Two weeks ago I finally went to see an ENT (Ear, Nose, & Throat Doctor) about a growth I've had on my neck for about eight months.
I had been to another family practice doctor several months back and been told that it was probably a thyroid issue because my blood tests came back that I had a VERY under-active thyroid. I thought was either something that would either go away or that I would need medicine for that I simply couldn't afford. While I noticed it and was slightly concerned about it on a daily basis I wasn't concerned enough to really seek out assistance. It is kinda like the story of the dog on the porch that howled in pain because he was laying on a nail, but it didn't hurt enough to actually move.
Well I finally decided to go to the doctor since I had some minor insurance (really terrible, but better than nothing) begin. The ENT was quickly able to see me the next day and I was happy and anxious to finally get down to the bottom of the growth.
The doctor quickly made an initial assessment that I might have an enlarged salvatory gland or a stone, but after telling him the length of time I had it he changed his opinion.
After another brief examination of it and some questions he stated that “options 1,2,3, & 4” were that it as Hodgkin's lymphoma aka cancer.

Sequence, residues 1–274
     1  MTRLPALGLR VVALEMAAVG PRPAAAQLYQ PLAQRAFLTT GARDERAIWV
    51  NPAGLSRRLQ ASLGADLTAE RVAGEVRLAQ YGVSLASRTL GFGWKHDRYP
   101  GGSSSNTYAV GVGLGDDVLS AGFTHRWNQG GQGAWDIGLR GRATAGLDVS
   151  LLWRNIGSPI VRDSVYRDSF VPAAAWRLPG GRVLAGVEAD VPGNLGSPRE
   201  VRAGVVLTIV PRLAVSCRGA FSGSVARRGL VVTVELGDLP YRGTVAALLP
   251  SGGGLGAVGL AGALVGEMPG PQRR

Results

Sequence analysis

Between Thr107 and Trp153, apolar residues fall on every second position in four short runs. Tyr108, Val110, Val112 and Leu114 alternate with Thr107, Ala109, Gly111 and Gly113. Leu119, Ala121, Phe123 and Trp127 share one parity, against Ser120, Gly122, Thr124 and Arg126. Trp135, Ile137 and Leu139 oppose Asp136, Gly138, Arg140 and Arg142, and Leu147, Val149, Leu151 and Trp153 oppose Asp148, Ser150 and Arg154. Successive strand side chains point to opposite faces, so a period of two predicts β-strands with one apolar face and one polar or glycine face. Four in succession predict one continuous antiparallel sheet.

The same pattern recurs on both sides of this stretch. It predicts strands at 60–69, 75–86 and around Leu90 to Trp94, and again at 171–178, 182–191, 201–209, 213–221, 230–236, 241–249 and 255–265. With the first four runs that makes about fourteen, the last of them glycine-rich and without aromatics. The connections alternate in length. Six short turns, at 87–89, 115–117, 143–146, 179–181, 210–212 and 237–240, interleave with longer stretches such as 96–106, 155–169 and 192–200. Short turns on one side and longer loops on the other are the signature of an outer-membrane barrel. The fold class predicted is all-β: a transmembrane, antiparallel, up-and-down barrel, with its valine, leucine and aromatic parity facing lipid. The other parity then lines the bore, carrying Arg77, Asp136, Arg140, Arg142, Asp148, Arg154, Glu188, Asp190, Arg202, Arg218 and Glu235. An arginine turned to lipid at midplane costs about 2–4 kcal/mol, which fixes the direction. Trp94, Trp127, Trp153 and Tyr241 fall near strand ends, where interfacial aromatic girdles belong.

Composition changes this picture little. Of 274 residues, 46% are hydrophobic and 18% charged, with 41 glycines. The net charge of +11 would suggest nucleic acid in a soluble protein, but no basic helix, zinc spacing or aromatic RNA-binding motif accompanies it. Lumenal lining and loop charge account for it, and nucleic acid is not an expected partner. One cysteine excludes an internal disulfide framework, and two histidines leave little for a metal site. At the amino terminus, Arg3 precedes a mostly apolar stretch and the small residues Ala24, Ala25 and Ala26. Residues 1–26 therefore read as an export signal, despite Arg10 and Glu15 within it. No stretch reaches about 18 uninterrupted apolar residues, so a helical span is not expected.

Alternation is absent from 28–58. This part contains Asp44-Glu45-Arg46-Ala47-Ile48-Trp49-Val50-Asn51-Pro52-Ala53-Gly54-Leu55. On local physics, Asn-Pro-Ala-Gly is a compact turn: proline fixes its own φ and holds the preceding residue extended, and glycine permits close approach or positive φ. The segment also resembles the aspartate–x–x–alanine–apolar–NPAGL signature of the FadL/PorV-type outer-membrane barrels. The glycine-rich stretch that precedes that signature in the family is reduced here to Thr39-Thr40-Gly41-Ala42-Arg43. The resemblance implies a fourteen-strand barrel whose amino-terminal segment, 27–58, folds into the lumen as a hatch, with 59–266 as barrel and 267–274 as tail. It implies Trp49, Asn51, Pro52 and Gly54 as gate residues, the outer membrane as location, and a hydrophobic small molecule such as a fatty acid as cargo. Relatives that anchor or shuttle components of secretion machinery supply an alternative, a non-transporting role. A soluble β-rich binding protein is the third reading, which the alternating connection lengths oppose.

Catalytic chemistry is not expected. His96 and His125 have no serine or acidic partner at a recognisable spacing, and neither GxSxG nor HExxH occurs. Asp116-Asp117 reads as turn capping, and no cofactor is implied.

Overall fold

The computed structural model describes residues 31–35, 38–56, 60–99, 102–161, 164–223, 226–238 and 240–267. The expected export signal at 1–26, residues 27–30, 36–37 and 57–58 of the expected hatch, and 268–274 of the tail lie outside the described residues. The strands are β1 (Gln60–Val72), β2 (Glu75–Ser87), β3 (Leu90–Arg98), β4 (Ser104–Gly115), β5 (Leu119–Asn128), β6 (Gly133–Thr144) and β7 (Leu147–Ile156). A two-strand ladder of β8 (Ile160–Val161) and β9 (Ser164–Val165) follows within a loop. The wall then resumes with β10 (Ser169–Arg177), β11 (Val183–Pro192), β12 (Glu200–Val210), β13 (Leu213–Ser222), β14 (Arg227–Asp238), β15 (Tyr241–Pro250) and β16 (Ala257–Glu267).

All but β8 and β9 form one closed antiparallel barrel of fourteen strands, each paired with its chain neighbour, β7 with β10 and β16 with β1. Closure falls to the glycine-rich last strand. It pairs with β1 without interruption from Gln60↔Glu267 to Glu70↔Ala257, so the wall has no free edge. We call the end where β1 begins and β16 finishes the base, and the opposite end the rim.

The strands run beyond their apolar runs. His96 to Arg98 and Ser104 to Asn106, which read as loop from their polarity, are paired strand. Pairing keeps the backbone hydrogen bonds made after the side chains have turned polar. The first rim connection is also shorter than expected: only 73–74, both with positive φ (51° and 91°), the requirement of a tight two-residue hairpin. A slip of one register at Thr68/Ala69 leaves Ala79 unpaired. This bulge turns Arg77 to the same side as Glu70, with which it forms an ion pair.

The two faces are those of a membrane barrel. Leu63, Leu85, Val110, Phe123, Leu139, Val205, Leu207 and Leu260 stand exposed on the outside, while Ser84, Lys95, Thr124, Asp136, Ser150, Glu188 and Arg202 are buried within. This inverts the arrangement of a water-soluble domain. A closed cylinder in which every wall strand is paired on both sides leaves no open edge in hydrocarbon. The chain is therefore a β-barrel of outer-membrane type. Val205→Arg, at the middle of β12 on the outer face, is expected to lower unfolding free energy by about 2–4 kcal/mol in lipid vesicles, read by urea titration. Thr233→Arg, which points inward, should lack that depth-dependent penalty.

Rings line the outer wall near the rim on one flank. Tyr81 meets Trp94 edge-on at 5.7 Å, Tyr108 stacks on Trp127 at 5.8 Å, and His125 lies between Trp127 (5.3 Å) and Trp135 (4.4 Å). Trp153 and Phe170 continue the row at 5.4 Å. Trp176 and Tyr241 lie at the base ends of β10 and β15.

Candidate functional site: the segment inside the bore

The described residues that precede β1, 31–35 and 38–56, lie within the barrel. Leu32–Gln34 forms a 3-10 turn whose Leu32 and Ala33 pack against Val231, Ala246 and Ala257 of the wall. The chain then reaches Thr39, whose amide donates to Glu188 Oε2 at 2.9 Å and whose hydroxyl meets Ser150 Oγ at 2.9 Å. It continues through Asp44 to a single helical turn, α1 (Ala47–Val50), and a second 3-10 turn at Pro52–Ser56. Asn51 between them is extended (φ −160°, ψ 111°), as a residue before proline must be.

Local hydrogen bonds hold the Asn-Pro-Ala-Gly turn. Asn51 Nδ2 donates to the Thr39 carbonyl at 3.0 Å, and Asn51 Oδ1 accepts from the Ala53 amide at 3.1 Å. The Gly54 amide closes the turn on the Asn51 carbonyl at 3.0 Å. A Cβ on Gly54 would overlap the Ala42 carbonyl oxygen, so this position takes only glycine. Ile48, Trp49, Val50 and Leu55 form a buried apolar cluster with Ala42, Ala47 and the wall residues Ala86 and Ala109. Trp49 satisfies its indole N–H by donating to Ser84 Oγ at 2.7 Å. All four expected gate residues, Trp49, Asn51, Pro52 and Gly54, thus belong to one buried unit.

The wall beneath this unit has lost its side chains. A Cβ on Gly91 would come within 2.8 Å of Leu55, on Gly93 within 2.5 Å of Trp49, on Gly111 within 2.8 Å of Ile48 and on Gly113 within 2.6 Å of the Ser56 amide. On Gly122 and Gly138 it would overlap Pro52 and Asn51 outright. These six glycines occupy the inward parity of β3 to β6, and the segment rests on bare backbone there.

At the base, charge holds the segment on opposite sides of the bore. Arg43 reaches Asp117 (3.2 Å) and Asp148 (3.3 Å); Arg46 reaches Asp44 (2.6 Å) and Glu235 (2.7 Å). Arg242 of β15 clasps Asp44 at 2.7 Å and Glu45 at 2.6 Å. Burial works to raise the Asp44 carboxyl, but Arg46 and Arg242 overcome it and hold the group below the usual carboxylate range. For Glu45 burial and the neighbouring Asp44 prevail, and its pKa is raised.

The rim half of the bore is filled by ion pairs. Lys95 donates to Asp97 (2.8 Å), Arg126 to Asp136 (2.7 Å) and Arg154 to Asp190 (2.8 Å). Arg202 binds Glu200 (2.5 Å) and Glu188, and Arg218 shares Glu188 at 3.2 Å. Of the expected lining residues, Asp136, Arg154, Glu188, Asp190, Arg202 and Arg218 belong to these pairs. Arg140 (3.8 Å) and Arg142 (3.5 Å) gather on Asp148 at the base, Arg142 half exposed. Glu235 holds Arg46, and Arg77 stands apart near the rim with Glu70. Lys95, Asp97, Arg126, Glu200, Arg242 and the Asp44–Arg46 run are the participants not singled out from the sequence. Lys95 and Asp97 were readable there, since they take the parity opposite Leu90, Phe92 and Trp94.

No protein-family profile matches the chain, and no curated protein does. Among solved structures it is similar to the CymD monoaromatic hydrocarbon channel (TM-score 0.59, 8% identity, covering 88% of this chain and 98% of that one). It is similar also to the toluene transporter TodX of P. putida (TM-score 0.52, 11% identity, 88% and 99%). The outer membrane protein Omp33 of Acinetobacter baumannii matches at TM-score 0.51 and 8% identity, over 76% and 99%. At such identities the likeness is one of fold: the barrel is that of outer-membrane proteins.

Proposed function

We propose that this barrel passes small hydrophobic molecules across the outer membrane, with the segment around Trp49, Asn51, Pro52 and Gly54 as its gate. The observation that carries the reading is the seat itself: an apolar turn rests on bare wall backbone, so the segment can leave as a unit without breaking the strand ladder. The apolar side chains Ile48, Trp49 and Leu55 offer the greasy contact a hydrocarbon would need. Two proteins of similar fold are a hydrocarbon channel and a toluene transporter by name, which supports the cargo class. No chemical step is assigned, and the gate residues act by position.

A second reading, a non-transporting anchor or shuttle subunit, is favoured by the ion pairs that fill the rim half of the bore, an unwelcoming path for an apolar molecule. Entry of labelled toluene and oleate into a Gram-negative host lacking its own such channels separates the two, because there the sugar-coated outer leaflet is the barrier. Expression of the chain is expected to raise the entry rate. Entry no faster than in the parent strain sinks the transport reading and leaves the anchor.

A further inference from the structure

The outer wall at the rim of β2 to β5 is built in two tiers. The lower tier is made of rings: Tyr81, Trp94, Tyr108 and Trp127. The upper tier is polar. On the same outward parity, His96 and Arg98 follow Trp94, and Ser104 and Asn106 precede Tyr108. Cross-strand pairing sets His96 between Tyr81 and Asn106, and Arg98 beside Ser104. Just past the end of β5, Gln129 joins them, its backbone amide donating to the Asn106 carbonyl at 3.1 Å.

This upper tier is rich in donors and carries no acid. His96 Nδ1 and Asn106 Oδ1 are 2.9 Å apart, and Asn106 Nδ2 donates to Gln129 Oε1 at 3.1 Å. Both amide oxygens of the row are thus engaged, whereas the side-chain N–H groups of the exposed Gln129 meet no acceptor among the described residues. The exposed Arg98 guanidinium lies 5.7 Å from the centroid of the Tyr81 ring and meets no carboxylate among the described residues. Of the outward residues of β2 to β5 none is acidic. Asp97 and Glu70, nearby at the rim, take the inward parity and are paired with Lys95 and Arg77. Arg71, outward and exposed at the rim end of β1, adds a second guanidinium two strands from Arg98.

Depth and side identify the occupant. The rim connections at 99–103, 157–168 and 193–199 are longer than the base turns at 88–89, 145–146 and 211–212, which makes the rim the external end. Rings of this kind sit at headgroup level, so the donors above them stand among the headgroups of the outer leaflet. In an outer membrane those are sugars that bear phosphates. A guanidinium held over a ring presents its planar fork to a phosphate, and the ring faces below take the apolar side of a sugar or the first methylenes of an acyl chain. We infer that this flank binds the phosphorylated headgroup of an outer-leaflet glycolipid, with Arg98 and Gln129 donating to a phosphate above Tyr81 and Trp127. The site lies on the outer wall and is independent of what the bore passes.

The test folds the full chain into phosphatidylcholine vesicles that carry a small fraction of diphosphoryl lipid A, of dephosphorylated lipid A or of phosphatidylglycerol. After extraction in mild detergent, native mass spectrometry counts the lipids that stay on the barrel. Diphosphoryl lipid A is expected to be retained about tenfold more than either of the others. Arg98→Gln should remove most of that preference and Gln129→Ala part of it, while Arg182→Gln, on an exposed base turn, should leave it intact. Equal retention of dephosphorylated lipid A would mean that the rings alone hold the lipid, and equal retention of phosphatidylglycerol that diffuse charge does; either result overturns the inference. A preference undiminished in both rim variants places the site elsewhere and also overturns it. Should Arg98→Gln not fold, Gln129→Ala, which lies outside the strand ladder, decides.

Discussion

I'm not really certain how I reacted at the time. I think I made a joke about chemo being a great weight loss drug, but I do remember a slight breakdown on the road home.
Since my insurance is so bad he referred me to a financial assistance clinic and I made an appointment for two weeks later.
I let everyone know about the news and was grateful for the sympathy and prayers. My mother of course cried and freaked out as mothers do.
I think the most difficult part, besides the waiting, was having almost every person you met tell me how I could avoid or beat cancer. I love the heart to help, but while I know many alternatives are great ultimately I believe in trusting God to guide to doctors He would send so I would politely nod and gather information.
I briefly researched Hodgkin's and discovered that it was every curable with an extremely high survival rate. I was honestly more concerned about the cost and the chemo and radiation than the actual cancer.